When I picture my anxiety, I picture myself as one of the background characters in Alfred Hitchcock’s The Birds; one of the ones who gets attacked by the birds. My thoughts are the birds. Here, the focus is still on the process—my anxious thought loops literally never get my anywhere; they never come to any kind of satisfying conclusion. They exist to propagate themselves. Not only do they have the same freedom of expression as my essay writing, but they have certain structural elements they all share as well. Perhaps I’ve honed anxiety into a craft, too.
Like the samurai sword, while you can defeat your enemies with your thoughts, you can just as easily turn your thoughts on yourself, violently plunging them inward and twisting them around to inflict a time-honored ritual of damage. Time and again, I have committed this mental hara-kiri in an attempt to survive the random misfortunes the world throws my way. It certainly hurts, but like people who commit hara-kiri in reality, I often feel I have no choice. If you live by the sword, you die by the sword.
Speaking of swords: aside from essays, another medium I use to think about things is reading tarot cards. The tarot is a set of 72 cards that serve as symbolic, archetypical images you can use to think through any given question. Just like a regular deck of cards, it has four suits: Swords, Pentacles, Cups, and Wands. Each suit represents an element, which governs a different realm of human experience. Thinking, and the realm of abstract ideas in general, is represented by the suit of Swords.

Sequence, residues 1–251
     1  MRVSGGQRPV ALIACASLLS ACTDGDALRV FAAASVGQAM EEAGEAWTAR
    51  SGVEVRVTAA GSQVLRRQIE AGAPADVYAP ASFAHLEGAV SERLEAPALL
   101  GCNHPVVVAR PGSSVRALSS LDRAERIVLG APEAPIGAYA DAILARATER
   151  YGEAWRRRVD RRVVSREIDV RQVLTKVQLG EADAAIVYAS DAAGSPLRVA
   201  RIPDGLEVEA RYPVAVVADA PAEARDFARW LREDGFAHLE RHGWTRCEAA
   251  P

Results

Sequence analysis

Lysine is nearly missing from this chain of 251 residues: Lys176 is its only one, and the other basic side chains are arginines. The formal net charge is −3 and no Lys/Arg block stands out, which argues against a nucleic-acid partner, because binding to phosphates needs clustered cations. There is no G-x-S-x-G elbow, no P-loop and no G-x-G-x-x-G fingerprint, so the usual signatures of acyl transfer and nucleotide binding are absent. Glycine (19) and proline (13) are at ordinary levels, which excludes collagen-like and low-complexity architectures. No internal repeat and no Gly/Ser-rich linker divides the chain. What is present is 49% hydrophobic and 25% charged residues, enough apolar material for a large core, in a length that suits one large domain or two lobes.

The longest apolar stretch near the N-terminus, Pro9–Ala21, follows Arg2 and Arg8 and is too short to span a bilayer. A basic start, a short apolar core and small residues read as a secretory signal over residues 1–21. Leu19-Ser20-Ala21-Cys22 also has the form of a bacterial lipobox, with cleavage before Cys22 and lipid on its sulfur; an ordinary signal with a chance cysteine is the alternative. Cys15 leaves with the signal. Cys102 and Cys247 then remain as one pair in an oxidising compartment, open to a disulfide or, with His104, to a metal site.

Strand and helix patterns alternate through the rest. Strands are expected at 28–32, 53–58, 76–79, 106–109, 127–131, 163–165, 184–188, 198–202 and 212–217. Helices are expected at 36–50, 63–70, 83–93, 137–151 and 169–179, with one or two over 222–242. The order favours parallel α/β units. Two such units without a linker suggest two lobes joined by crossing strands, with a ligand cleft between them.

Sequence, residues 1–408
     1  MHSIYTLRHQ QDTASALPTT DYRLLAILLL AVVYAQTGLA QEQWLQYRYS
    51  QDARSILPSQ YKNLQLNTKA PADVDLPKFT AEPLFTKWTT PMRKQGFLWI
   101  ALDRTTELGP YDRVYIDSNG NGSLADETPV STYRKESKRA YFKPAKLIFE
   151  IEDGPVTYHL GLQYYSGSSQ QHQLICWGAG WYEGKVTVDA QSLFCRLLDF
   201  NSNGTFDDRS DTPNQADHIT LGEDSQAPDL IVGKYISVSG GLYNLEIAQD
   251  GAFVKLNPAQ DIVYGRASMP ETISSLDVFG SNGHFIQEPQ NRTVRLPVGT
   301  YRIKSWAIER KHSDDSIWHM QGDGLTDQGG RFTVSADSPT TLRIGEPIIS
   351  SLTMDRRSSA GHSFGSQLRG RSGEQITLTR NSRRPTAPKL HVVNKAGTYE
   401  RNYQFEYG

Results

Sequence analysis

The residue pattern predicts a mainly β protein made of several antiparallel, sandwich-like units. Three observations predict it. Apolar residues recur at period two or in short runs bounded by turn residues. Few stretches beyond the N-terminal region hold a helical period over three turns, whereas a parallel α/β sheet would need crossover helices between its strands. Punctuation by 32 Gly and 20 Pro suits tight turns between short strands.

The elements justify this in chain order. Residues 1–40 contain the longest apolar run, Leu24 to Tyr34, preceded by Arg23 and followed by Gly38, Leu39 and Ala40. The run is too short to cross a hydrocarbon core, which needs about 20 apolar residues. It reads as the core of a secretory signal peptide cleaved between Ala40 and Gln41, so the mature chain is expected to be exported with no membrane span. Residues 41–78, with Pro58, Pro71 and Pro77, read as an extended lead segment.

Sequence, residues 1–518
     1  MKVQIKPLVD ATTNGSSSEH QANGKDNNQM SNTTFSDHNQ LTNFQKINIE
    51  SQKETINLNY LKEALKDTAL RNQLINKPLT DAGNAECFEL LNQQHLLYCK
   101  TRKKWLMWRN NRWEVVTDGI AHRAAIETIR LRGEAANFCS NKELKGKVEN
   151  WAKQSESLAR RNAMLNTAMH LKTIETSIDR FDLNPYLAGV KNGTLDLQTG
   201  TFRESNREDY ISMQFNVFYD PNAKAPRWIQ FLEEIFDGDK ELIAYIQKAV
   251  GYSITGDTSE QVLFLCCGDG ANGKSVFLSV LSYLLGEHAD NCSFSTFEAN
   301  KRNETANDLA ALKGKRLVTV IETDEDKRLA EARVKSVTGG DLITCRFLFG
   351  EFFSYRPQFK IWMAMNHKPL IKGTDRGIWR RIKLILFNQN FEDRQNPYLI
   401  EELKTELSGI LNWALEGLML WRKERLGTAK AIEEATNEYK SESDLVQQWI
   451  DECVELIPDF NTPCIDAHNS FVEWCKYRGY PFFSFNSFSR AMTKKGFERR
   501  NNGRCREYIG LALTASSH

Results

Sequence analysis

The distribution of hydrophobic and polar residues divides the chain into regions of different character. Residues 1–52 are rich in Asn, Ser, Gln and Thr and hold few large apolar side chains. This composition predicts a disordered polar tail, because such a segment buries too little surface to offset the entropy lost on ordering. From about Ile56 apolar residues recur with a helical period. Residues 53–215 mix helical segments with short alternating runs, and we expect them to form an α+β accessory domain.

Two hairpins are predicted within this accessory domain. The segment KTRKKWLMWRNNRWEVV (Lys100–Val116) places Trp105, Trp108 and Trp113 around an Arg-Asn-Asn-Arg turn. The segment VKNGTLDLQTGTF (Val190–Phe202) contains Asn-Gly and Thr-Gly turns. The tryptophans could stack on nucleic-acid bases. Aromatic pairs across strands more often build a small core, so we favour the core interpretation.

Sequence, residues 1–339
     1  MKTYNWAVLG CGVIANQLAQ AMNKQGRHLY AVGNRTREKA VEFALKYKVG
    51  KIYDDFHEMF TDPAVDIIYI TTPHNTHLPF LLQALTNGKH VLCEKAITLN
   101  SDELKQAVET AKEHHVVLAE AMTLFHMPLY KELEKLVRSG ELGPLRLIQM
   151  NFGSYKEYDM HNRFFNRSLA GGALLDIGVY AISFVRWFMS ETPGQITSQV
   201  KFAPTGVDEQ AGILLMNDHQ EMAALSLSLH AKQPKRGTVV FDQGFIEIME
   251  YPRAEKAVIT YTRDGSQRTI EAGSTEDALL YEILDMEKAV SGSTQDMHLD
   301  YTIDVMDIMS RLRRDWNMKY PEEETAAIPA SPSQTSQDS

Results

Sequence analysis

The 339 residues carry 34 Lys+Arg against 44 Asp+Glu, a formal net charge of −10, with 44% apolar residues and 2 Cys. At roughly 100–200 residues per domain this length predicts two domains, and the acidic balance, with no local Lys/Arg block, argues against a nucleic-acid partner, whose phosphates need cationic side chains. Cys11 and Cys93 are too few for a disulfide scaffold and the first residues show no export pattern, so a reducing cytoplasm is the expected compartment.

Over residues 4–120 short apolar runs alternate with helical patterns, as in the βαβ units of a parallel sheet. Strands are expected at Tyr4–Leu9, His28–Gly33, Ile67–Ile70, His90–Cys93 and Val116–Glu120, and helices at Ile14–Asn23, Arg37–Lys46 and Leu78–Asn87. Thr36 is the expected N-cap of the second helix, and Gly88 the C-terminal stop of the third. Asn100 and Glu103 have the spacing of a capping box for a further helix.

All the Tarot suits tell a story. The suit of Swords tells a sad story. The Ace represents unlimited potential for ideas and intellect, and is usually drawn as a single sword being held aloft like its owner is about to go on a quest for knowledge. The optimism of the Ace of Swords makes you think that the suit’s story is going to be about using swords to attain some kind of wisdom through thoughts or ideals. Unfortunately, as you go through the cards in the suit of Swords, you begin to notice a theme—people getting stabbed with swords.
The Three of Swords represents heartbreak, and is aptly drawn as a heart with three swords stuck through it. The Seven of Swords represents betrayal, and is drawn as a person having to carry seven swords by their blades. By the time you get to the Ten of Swords, which represents defeat and is drawn as a person being impaled on—you guessed it—ten fucking swords, you’re rethinking your quest for knowledge.
Thinking is—wait for it—a double edged sword. With thinking you can fall on your sword, or a thought can be a sword of Damocles. As I mentioned before, if you live by your sword, you run the risk of dying by it. It’s enough to make you want to hang up your sword, or beat it into a ploughshare and focus on Pentacles instead. Like life, thinking has a best and worst to itself.
Circling back to college trauma here, I find when I think back that I wouldn’t change the good or the bad—they’re too inextricable, like the form and content of a good essay. It’s also worth noting that I can’t change either the good or the bad—not in the past, present, or future. And of course, writing an essay about a thing doesn’t actually change it; essays can really only help us change the way we think. This is the key to weathering most of life’s hardships. Things may be horrible, but you can think them through. You can talk about them, whether with people or on a page. Sometimes you come to conclusions, and sometimes you don’t—that’s the hardest part of both life and writing essays.